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History & CommunityPushing the Boundaries

Pushing the Boundaries

Margery Hookings meets a remarkable young man who is bringing Britain’s Disabled Strongman competition to his hometown

It’s been a labour of love for Somerset’s Gary Clarke, who next month brings the British Disabled Strongman competition to Chard.

Since 2015, it’s been his dream to stage the contest in his hometown after he founded the national event, which was held in Stoke-on-Trent. Similar events had taken place previously in Iceland and USA but never before in the UK.

Gary is Britain’s first disabled strongman and competes against athletes from all over the country.

“I’ve been a Strongman fan since the day I could stand up,” he says. “I’m not sure what appeals so much about Strongman competitions, but I’ve always loved them. I’ve been a fan of Strongman since the days of Geoff Capes and Jón Páll Sigmarsson. I can still hear cries of ‘I am a Viking’ to this day. I remember saying to my grandmother at the time: ‘One day I’ll be doing this.’.”

Gary is a remarkable young man. It’s very humbling to talk to him. He’s already achieved far more than many able-bodied people of a similar age. I last saw him when he was a small child and I took my daughter, exactly a week younger, to his house to play. His mum had been in the next bed to me in the maternity ward.

“I was born three months early,” Gary says. “That’s why I’m blessed with cerebral palsy. But I don’t know any different. In a way, I’m grateful because it’s made me the person I am. I’m 40 now and still have lots more to do.”

When I speak to him, he’s up to his ears and eyes trying to organise the event, which takes place in Chard Guildhall on Saturday 12 May.

The competition is now in its fourth year. In 2017, some 25 athletes took part, including some of the top names in the Strongman sport because it’s the qualifier for the World’s Strongest Disabled Man competition in Norway in September.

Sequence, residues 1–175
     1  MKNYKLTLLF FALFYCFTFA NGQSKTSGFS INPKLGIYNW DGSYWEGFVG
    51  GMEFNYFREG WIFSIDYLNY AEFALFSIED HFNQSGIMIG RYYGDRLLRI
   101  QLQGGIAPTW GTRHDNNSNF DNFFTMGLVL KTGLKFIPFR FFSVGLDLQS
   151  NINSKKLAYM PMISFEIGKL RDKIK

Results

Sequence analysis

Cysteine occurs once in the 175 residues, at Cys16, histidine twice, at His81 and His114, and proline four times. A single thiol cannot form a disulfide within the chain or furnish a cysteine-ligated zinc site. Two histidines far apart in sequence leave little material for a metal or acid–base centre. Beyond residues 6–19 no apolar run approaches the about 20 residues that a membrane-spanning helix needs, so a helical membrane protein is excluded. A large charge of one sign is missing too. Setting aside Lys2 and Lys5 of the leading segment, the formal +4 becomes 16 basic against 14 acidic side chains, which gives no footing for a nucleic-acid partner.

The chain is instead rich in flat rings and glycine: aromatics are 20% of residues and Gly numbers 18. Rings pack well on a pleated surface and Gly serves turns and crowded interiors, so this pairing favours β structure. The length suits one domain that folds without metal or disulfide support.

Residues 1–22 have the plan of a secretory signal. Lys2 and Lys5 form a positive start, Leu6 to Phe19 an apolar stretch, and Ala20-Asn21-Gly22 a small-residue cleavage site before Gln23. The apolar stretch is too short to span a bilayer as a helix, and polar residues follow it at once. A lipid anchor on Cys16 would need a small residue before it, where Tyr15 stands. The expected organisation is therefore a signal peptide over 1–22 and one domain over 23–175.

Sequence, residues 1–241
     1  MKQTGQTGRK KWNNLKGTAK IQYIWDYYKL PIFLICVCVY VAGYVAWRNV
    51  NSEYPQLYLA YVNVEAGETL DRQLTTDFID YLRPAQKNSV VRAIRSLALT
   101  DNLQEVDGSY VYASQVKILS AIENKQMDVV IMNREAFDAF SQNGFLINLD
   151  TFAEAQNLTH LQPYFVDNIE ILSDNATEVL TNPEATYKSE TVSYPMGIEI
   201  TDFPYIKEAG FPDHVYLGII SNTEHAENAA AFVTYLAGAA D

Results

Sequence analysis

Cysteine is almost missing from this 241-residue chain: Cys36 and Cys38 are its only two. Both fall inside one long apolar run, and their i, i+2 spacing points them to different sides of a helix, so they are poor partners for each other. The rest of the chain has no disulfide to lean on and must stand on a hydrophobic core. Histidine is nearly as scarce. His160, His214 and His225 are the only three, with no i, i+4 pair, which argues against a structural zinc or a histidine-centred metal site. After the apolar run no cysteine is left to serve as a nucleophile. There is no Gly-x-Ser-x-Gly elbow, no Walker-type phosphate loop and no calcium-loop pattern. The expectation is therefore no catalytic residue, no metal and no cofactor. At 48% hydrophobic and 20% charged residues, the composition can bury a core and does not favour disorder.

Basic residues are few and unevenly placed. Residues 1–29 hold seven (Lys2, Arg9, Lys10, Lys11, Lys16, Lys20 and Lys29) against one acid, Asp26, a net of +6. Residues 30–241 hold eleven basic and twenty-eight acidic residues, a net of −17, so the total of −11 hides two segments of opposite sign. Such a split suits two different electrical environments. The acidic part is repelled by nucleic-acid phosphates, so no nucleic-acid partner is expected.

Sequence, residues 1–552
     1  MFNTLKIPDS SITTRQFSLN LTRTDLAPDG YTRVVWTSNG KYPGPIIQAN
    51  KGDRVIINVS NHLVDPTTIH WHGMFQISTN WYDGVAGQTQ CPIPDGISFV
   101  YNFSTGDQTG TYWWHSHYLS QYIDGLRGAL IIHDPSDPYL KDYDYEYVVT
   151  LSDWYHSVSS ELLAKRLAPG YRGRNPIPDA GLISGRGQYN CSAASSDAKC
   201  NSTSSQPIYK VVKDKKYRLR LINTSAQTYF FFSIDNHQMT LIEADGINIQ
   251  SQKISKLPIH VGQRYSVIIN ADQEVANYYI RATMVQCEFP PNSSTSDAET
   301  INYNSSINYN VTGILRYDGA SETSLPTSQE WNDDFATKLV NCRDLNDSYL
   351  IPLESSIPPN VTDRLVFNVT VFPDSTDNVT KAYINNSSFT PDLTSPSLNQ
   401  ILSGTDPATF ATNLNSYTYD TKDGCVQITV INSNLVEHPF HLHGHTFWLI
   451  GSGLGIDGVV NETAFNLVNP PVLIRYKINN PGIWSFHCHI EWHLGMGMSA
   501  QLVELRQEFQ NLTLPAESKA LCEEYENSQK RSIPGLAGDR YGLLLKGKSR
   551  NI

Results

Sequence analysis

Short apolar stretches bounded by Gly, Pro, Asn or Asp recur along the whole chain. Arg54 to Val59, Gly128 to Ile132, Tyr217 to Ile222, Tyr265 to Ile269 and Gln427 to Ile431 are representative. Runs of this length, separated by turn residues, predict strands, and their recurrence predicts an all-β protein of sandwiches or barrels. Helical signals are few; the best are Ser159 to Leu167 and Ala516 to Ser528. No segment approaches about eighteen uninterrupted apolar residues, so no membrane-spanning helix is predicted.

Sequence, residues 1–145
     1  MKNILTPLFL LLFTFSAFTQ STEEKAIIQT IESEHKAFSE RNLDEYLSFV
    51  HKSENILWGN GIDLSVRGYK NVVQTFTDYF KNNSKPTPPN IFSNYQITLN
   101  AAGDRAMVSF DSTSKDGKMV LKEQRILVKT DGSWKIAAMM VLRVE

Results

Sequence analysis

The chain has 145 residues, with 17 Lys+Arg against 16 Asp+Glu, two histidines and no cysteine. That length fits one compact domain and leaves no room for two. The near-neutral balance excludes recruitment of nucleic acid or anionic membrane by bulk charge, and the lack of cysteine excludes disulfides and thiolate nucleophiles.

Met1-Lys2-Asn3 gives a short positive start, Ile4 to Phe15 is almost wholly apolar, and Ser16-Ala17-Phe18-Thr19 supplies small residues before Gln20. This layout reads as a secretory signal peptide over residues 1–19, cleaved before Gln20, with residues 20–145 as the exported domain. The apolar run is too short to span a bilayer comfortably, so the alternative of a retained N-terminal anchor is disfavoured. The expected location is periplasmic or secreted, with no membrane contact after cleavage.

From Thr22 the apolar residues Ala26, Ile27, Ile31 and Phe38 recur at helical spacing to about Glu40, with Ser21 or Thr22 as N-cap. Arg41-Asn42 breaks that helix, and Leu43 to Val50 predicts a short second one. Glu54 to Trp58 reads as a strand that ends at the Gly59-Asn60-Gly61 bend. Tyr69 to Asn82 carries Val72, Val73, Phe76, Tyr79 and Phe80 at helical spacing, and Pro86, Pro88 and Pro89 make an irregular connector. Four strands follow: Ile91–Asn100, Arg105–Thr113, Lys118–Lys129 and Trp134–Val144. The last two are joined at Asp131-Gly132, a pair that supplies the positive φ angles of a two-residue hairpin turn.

The judges at Chard will be four-time World Strongman Magnus Ver Magnusson and Arnar Mar Jonsson—the founder of the Disabled World Strongman competition.

These are big names for Chard. And it’s hugely prestigious that the event is being held in the town. That’s largely down to Gary’s hard work and persistence.

“I’m most grateful for the people of Chard and local businesses for getting behind this unique event. It’s good to be doing something great for the town,” he says. “I am immensely proud to bring it to my home town. I want it to be the best Britain Disabled Strongman event we have had.”

Gary has strong connections to both Chard and Ilminster, including training with Simon Lunn at Phoenix Fitness. He is hoping people from the town will come out to support the event.

As a nod to the county, the event will have a Somerset theme and there will be lots for spectators to see.

“We’ve got five events,” Gary says. “There’s a hay bale pull, an axle press, a seated dead lift, a forward hold and—the housewives’ favourite—the atlas stones.”

Continuing the Somerset theme, the forward hold will involve competitors lifting a large cheese wheel.

Gary’s passion for Strongman competitions goes back to the 1980s. A fan of Geoff Capes and Jon Pall Sigmarmarsson, he then began training with weights when he was seventeen and later became involved in disabled powerlifting.

“I don’t think of myself as being limited, I think of my strengths,” he says. “Strongman epitomises that, really—it’s about going outside your comfort zone and thinking outside the box—especially with the things you do in training.”

Gary is passionate about promoting disability awareness.

“My whole life’s been about banishing negative stereotypes. Strongman is one of the best ways I can think of for putting disability in a positive light. There is definitely an aspect of challenging attitudes to disability. We are doing these competitions to a high standard; there is nothing light about them. It’s about pushing the boundaries of what can be achieved.”


Britain’s Disabled Strongman competition is at Chard Guildhall on Saturday 12 May from 10am.  Admission for spectators is £5.

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